Cash refund from company stock purchase account (ESPP)

Rick56
Rick56 Member ✭✭
edited February 2019 in Investing (Windows)
I have an ESPP deduction on my paycheck that goes into a company cash holding. This cash is displayed on the ESPP account in Quicken.

Twice a year, the company sends an amount of that cash for a stock purchase to Fidelity so they can purchase an amount of stock. The leftover portion of cash (held in the company account) at the time of purchase is refunded on my paycheck. This cash holding is not held at Fidelity, it is held at my company so Fidelity has no idea how much cash is in the account, they only know what they are sent for purchase.

I have no problem with recording the paycheck refund BUT I do not see a way to deduct the cash refund amount from the ESPP account in Quicken. This makes the cash balance incorrect in Quicken. It would seem that a transfer function would do the trick (in on my paycheck and out on my ESPP cash).

I do not see this type of transaction available to record on my paycheck so that it automatically deducts from the cash total in the ESPP account in Quicken.

Hope this makes sense. Quicken Deluxe 2018 R7.5, Windows 10 Home build 16299.

Comments

  • mshiggins
    mshiggins SuperUser ✭✭✭✭✭
    edited March 2018
    I, too, have a similar situation for my ESPPs. When the company refunds my residual ESPP contribution, I record it in my paycheck using the ESPP accumulation account enclosed in square brackets as the category. This acts as a transfer from the ESPP accumulation account to my checking account.
    Quicken user since Q1999. Currently using QW2017.
    Questions? Check out the  Quicken Windows FAQ list
  • Rick56
    Rick56 Member ✭✭
    edited November 2018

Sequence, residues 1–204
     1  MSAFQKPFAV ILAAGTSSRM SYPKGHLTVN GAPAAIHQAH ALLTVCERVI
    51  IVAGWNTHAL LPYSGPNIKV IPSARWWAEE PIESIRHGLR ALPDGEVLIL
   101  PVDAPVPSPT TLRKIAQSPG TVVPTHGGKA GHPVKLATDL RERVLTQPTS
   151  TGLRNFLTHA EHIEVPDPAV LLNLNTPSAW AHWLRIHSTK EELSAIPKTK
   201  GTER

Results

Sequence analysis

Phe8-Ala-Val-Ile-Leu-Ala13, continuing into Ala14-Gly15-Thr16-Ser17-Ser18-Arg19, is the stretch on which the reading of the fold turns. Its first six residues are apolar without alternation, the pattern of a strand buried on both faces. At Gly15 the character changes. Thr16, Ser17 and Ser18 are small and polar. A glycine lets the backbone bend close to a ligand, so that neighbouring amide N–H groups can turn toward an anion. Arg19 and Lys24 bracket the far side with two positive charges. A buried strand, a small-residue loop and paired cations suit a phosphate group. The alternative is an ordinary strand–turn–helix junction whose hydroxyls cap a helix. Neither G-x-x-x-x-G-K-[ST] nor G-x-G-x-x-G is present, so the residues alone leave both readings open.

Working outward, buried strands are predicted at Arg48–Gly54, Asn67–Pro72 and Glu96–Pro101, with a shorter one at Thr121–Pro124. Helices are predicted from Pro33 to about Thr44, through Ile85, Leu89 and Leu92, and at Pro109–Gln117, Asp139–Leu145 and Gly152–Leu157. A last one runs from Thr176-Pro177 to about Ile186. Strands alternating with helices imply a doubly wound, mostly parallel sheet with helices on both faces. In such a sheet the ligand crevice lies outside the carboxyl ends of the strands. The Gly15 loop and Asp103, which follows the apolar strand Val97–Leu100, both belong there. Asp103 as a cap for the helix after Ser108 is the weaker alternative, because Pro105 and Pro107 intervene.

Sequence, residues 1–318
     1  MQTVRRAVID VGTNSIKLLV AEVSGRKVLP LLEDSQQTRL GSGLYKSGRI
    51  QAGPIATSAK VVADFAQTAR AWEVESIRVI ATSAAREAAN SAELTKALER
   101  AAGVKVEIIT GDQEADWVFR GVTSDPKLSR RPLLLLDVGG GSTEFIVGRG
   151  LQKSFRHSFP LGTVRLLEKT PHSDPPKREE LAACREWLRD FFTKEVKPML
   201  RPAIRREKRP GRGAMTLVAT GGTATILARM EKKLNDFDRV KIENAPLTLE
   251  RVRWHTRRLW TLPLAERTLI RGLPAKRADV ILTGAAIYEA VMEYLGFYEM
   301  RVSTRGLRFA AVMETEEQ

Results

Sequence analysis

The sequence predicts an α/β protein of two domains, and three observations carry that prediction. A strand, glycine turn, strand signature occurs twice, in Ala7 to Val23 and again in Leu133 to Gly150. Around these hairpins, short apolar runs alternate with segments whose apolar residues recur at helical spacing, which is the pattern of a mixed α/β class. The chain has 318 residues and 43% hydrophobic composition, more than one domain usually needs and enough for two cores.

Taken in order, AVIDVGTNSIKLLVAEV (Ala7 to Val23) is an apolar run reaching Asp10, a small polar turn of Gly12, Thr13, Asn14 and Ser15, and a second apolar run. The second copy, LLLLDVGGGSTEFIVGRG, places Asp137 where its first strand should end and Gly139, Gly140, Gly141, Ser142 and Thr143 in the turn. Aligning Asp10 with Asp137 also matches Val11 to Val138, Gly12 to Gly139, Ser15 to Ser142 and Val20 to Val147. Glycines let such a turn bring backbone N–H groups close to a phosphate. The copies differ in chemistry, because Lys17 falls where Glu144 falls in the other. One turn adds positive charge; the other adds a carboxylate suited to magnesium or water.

I used the "bracket" ESPP account for the category on a salary transaction on my paycheck. However, I do not see a corresponding transaction in my ESPP accumulation account subtracting the refund amount. Did you do a different transaction? 
    image
  • Rick56
    Rick56 Member ✭✭
    edited November 2018
    I did that but did not notice before that rather than giving me a separate transaction for the refund, it subtracted the refund from the contribution. I would rather have the transaction of my contribution and a separate transaction showing the refund on a different line but........
  • Unknown
    Unknown Member
    edited March 2018
    I am assuming you've set up the ESPP deduction as one of your cash accounts in Quicken, and recording the paycheck ESPP withholding into that cash account.  I am also assuming that you are informed of the amount of the 6-month transfer to Fidelity.  In Quicken, this would be a "Transfer Money" transaction from the ESPP cash account to your Fidelity brokerage account.  Quicken will put this into 'cash' in the brokerage account.  Then you record the stock purchase at Fidelity as any other stock purchase.  Any residual cash after the stock purchases remains in the brokerage cash category, and will be commingled with any subsequent dividends, and future 'Transfer Money"
     transactions.
  • mshiggins
    mshiggins SuperUser ✭✭✭✭✭
    edited March 2018
    Rick56 said:

    I did that but did not notice before that rather than giving me a separate transaction for the refund, it subtracted the refund from the contribution. I would rather have the transaction of my contribution and a separate transaction showing the refund on a different line but........